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Ohio State voters meet long lines at Ohio Union

Andrew Holleran / Photo editor

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Voters at the Ohio Union were met with long lines on Election Day.
One voting precinct in Franklin County has a polling location inside the Union, which became a popular polling site for more than 3,000 Ohio State students and campus-area residents.
“This is the second election that we’ve had a voting location at the Union,” said Ben Piscitelli, spokesman for the Franklin County Board of Elections.
Piscitelli also said that while this is only the second year of having a voting location at the Union, there used to be a voting location at the previous Ohio Union.
The Union is located in precinct 41D, which encompasses the OSU residence halls and part of the surrounding community.
“There are 3,112 registered to vote there (the Union),” Piscitelli said. These are not only OSU students — Columbus residents that live within the precinct are eligible to vote at that location as well.
Having more than 3,000 eligible voters for one location meant long waits at the polls for some students.
“I waited for two hours,” said Nicole Kontur, a first-year in mathematics, at about 12:10 p.m. Tuesday.
Kontur wasn’t the only student unhappy about the long wait.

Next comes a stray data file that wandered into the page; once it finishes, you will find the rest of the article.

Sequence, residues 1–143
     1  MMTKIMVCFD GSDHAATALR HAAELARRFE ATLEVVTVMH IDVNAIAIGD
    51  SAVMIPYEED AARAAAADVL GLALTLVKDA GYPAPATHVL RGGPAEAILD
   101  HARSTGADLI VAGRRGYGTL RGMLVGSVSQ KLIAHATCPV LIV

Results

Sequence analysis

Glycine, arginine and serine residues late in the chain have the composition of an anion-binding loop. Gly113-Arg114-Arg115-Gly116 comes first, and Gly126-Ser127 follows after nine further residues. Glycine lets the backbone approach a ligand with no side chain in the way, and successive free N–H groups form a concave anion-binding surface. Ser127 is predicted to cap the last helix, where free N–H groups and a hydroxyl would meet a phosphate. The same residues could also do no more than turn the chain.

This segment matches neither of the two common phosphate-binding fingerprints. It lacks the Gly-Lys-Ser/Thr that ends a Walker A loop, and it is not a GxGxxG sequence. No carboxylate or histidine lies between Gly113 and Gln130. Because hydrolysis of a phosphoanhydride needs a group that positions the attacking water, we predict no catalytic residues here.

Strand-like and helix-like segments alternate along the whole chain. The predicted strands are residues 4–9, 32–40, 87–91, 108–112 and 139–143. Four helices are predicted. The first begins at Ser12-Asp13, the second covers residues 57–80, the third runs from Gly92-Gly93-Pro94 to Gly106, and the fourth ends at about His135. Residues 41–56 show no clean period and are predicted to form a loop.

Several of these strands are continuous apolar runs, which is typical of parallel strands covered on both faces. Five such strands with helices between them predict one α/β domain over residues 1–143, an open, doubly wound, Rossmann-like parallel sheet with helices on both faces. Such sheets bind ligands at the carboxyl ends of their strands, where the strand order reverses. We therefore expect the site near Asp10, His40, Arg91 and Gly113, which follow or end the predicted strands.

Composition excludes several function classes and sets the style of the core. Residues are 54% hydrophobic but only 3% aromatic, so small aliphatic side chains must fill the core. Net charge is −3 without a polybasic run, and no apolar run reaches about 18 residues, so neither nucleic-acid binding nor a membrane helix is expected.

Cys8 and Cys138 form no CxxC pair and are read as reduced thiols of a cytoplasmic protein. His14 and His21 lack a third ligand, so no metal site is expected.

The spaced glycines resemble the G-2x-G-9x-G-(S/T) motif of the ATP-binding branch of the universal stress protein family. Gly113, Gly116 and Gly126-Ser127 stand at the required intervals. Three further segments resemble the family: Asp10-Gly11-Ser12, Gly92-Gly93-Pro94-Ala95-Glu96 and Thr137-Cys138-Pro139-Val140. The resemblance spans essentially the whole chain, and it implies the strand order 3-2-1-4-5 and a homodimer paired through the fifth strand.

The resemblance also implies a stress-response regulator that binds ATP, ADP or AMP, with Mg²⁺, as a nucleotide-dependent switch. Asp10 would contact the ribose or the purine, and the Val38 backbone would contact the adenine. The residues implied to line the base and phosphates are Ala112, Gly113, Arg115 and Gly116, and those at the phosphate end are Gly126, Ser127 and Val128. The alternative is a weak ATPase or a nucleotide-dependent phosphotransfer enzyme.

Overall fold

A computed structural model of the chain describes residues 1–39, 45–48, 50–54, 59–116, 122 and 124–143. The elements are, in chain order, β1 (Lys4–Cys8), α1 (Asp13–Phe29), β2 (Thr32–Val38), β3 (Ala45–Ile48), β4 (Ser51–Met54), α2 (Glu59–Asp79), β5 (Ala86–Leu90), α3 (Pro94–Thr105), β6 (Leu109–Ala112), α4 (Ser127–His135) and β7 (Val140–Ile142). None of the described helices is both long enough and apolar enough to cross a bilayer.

Around noon, the line to vote stretched from the Great Hall Meeting Room on the first floor of the Union, down the back hallway that runs past Station 88 and out the side door, spilling onto the patio near High Street.
“We heard it was busy,” said Zach Manifold of the Franklin County Board of Elections. Manifold said board of elections personnel were called out to the Union in the early afternoon to help with heavy voter traffic.  
Some students noted that staff working the polls were accommodating to the crowd.
“Everyone here has been very hospitable. They offered us food while we were outside and stuff … and the line’s just moved by quickly once you get inside so it’s nice,” said Steven Apicella, a first-year in electrical engineering.
Many students were spotted in the line reading books or attempting to work on class assignments.
Despite the long waits, some students felt the wait was worth it to be able to vote in person and on Election Day.
“It’s the first time I get to vote. I feel like it’s important,” said Zach Dombi, a first-year in mechanical engineering.
Dombi was the last person in the line to vote at the Union at 12:30 p.m., but it wasn’t long until another group of voters joined the end of the line as well.
“I’ll probably be standing here two hours,” Dombi said.

Liz Young contributed to this article.

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